all about me
the early years
This site is about me, Robin Darby.
I'm a software developer; I've wanted to be a developer since about the age of 8, when my Dad constructed our first computer, a ZX81.
Growing up in England, the first compluer I really started developing on was a BBC micro. Those bays it was all BASIC, but I started to get interested in assembly because I liked to write games, and assembly gave be direct access to the graphacs functionallity. Fathers, be careful what you introduce to your children, you don't know what path you'll set them on :).
The day I finally got my hands on a hand-me-down x86 computer, things really started to heat up. My Dad got me a copy of Turbo Pascal and there was no stopping me. Turbo Pascal has a fantastic IDE and you could embed assembly in-line. I'd spend days, weeks writing little games and graphical demos. The idea, that a little bit of code I could actually make an image on a monitor (or TV set) make me feel like some kind of TV producer!
Fathers, be careful what you introduce to your children, you don't know what path you'll set them on :).
I scrapped through school, never really been much of an academic, being dyslexic didn't help, but I did manage to get into university to study software engineering (what else?).
I had a fantastic time, doing something you really love makes it far easier. Now, I lived a far distance from Uni, and I didn't what to go all the way there to use the computer labs (all my course work was to be done in Modula-2 on Unix boxes), so I got my hands on Linux (Slackware version 1.something); It wan't very easy to install, in those days you pretty much had to work it out for your self. But it was magic, I was finally free from the tyranny of icons and mouse clicks, it was like a grown-up DOS. This taught me the basics of unix command line, bash, AWK and SED programming.
I was constently surrounded with object diagrams and pattern books (nothing has really changed :).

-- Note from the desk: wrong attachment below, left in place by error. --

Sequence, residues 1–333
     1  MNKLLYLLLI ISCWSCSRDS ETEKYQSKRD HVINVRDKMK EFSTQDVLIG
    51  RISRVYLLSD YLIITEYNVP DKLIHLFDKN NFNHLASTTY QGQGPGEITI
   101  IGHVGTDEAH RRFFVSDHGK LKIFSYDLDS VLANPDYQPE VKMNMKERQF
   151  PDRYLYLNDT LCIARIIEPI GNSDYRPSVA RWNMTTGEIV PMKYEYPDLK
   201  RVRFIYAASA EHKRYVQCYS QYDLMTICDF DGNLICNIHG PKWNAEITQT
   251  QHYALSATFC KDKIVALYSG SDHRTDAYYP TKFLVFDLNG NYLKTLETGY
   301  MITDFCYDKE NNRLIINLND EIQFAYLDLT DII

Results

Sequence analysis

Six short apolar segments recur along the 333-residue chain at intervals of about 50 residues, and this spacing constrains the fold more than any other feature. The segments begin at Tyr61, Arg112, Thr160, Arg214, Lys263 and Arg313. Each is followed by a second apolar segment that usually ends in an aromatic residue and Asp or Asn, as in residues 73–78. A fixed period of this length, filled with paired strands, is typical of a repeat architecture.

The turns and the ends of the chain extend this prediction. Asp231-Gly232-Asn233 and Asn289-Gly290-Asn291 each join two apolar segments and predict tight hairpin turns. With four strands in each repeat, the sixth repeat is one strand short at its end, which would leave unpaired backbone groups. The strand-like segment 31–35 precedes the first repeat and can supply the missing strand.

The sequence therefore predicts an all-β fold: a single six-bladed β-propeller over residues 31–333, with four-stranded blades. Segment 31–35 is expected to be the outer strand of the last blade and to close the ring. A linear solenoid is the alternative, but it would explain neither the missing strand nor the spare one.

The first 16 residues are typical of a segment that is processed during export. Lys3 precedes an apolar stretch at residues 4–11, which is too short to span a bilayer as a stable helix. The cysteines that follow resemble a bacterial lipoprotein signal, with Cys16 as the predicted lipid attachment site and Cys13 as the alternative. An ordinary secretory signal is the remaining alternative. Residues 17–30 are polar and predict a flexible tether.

During the final year of my course, we were finally let loose on Java, and I finally started to really appreciate the beauty of OOP, having been having been taught a disciplined approach to development helpped me now to get lost, UML is my friend, I was constently surrounded with object diagrams and pattern books (nothing has really changed :).
out into the wild
I was finally let loose on the real world, OOP in my pocket and a head full of dreams, Like every new software engineer I really wanted to be a games programmer. But looking around, there weren't any opportunities to do that, infact in those days, there weren't really many programming jobs for anyone who didn't know COBOL or Fortran; I really didn't want to program either of those. My parents kept encouraging me to keep looking and not to settlte for a system administration or testing role (not that there's nothing wrond with that, but my hart was set on being a developer).
Finally, I found a home, working along side some epic developers (like Ben Laurie) writing in this thing called perl for the newfangled world wide web. I mastered apache, perl, writing CGI and mod_perl programming.
and the rest is history
Over a decade on on and alot has happend, I worked for serveral start-ups, may went belly-up, others got eaten by bigger fish. My big break came when I landed a job at Amazon.co.uk in Slough (where the UK version of 'the office' was based). I was now building web-apps for one of the biggest retailers on Earth!
and 'hay', it's not harassment if you get married!
TBH, the work wasn't that exciting and the corporate atmosphere was rather suffocating. So I was looking around for other oppertunities, when an e-mail landed in my in-tray, "Looking for the next programing super-star!" - never have I considered my-self a "super-star", but the role, working for Amazon Web Services in Seattle intreged me intrigued; I loved visiting the USA, speaking at YAPC::NA every year had become my main holiday. So I packed a bag, and headed over to Seattle for the interview, "And that kids, is how I met your mother!"...
I got the job, and moved over the pond to Seattle.
AWS is a fantastic company to work for, the projects are exciting and best of all, I still got to write my beloved perl; I say best-of-all, but really the best thing was meeting my wife Tracy. She was working in a different department, and 'hay', it's not harassment if you get married.
Tracy likes to joke "You really can get anything from Amazon".
The years rolled by, but I could tell that Tracy was missing something - mostly because she kept telling me so, "I miss Colorado", she'd say, followed by "it's freaking dark and damp here". When the doctor started prescribing vitamin-d, I got the message, it was time to move west, bell south-east really.
to infinity and beyond
So I lucked out and found a job in Colorado working for Vail Resort, or at least a subsidiary, "Mountain News". The work is fun, I'm doing a lot of mason/perl and even a fair bit of Android/IOS development.
I've fallen in love with app development, XCode and objective-c has forced me to learn something new, and really, that's what it's all about, keeping your self relevent, having fun.
So what does the future hold?
I have no idea, there isn't a CPAN module for that. I can't see us moving from Colorado, I'm enjoying app development, so I can only hope for good things!
Thank you for taking the time to read my dribble, if you'd (still, even after reading this) like to get in contact with me, please drop me a mail via robindarby[at]mac.com, and be sure to check out my résumé on LinkedIn